Episode 45: Using Code as a Tool for Creative Expression with Pine Wu (Part 1)

Enjoy the Vue

Programming is not just about creating enterprise-level apps but can be put to work to help people express themselves creatively in many different ways. This is just one of a few profound takeaways from today’s show, where we got a chance to sit down with Pine Wu, former Visual Studio Code developer at Microsoft who built Vetur, a language server that enhances the Vue editing experience. We talk to Pine about Vetur’s background and functionality, his current nomadic pursuits, and his approach to programming as an art or a means to art more than anything else. On the subject of Vetur, Pine explains the context behind the name, and what led him to build the project in the first place. He speaks about how he built out early versions of Vetur by leveraging open source code from other platforms, how the project blew up overnight, its current abilities, and what the future holds. From there, we move on to discuss Pine’s thoughts about what coding means to him. We touch on ideas about the value of exploring content outside of one's discipline, the line between learning and building, and how the tools we create and use structure the way we think about what we work on as well as what we build. Pine also shares a bunch of cool resources today – creative projects using Vue and other frameworks, as well as key texts and talks that have influenced his ideas about art, perception, tools, and computer science. For a wide-reaching conversation about creativity, learning, and writing software that is useful to the world outside of corporations, be sure to tune in!

Key Points From This Episode:

  • An intro into Pine, his experiences at Microsoft, and the work he does in Visual Studio Code.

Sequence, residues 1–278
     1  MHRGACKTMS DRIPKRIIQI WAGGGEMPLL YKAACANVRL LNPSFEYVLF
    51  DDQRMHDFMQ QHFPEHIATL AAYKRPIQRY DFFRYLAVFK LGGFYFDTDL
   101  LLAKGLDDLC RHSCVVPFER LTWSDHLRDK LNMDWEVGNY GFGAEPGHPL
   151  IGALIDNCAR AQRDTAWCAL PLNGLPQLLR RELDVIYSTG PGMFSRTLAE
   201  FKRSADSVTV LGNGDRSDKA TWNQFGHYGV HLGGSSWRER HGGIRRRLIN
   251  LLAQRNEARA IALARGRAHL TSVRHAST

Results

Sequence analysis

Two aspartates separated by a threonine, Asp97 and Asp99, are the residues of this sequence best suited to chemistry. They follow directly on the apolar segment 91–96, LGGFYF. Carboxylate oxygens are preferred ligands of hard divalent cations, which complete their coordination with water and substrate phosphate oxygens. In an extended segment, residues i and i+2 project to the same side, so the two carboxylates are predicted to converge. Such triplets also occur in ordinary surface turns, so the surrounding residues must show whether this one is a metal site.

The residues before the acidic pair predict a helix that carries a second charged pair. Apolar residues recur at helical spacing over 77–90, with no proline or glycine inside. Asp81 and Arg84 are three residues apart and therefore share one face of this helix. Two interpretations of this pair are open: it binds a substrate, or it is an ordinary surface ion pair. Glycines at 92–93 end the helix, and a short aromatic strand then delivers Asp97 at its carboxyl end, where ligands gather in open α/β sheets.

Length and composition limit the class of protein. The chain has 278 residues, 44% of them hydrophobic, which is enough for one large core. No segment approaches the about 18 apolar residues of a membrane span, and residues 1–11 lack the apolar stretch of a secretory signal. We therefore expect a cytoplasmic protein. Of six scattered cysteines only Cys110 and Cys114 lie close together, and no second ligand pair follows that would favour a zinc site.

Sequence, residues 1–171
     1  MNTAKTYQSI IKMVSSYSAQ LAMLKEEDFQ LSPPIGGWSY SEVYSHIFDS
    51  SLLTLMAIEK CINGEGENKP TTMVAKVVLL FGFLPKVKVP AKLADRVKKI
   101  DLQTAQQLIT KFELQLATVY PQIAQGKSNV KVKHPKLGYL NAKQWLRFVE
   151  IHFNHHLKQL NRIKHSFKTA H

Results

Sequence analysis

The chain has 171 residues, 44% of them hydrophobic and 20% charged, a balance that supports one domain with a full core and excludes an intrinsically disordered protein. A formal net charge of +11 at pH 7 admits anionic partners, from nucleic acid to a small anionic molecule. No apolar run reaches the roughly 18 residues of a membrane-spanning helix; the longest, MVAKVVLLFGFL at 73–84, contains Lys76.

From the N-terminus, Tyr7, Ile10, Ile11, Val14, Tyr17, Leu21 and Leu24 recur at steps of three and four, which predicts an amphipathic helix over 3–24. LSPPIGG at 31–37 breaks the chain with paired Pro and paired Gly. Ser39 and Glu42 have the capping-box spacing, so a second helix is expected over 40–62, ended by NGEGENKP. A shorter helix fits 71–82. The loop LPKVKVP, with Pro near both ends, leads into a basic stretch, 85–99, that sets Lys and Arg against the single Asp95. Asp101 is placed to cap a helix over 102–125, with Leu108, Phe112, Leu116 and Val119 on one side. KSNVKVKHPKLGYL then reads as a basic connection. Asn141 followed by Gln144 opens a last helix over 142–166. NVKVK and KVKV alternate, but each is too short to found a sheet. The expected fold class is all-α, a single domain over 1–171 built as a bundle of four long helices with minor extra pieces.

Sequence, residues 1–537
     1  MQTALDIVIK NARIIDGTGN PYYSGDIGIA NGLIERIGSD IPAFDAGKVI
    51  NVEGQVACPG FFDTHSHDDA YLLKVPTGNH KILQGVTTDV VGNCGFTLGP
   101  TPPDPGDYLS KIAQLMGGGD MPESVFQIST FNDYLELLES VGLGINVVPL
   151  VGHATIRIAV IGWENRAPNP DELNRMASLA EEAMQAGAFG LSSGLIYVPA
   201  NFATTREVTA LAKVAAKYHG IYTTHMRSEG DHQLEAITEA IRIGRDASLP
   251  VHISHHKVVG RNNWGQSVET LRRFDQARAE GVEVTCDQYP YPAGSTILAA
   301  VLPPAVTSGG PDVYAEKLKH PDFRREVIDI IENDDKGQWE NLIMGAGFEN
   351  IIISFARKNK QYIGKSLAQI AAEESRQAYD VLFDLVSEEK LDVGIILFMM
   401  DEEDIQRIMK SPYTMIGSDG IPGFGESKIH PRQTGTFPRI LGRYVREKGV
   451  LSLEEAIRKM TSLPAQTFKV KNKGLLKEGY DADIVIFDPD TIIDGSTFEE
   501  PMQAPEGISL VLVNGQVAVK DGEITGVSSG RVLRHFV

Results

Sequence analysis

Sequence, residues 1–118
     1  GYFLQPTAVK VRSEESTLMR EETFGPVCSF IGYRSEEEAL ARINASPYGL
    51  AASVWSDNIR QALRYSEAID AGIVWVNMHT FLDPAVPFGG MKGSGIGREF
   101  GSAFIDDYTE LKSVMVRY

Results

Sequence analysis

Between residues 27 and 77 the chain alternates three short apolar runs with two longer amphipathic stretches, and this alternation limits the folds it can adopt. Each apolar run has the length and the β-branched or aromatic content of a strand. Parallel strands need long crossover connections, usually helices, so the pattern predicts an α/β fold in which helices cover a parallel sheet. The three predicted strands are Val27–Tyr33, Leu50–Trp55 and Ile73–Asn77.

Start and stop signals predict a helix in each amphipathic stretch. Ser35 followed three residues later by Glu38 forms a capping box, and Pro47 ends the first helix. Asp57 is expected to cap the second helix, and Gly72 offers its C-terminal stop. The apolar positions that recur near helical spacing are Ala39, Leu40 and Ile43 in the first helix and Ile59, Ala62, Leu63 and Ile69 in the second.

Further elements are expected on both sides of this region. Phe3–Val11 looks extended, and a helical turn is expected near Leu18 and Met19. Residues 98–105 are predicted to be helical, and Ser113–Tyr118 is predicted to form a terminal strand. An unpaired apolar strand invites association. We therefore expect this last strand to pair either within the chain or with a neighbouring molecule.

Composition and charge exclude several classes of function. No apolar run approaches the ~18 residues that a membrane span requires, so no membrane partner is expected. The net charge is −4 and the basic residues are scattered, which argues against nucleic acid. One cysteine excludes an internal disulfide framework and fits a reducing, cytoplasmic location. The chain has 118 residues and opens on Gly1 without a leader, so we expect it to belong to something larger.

• What leading a nomadic life means to Pine, and the things he enjoys learning as a freelancer.
  • Pine’s ideas about not only being a programmer but wanting to study graphic design too.
  • An intro into Vetur, Pine’s project that provides autocomplete functionality for Vue files.
  • How Pine has expanded Vetur’s functionality beyond autocomplete and diagnostic errors.
  • The beginnings of Vetur: Pine’s love of Vue which wasn’t compatible with VS Code.
  • How Pine developed early Vetur versions by copy-pasting and modifying parts of existing support from other platforms.
  • The story of Vetur’s huge early success after the creator of Repl tweeted about it.
  • Humor in Pine’s talks and how his non-sugarcoated approach plays into this.Pine’s rapid prototyping tool and how it fits in with his passion for enabling expressive coding.
  • Perspectives on the idea that tools shape how we think and what we build.
  • Pine’s thoughts on future Vetur upgrades: A type renaming tool and more.


  • “If you are editing a TypeScript or JavaScript file in your Visual Studio Code, you see that after you press a dot you see a lot of autocompletions. Those are powered by what is called a language server and a language server basically analyzes the whole code base, breaks your code into abstract syntax trees, analyzes them, and then gives you autocompletion and diagnostic errors. Vetur basically does that for Vue files.” — @octref [0:07:34]
  • “As a programmer, my passion is not writing enterprise-level or large scale Vue apps. My interest is more in the expressive side of coding.” — @octref [0:17:01]
  • “Without a microscope, you are unable to work with bacteria. Without a telescope, you are unable to work with galaxies. It’s only with these tools that you can perceive certain things.” — @octref [0:22:10]

Links Mentioned in Today’s Episode:

Special Guest: Pine Wu.

Audio Player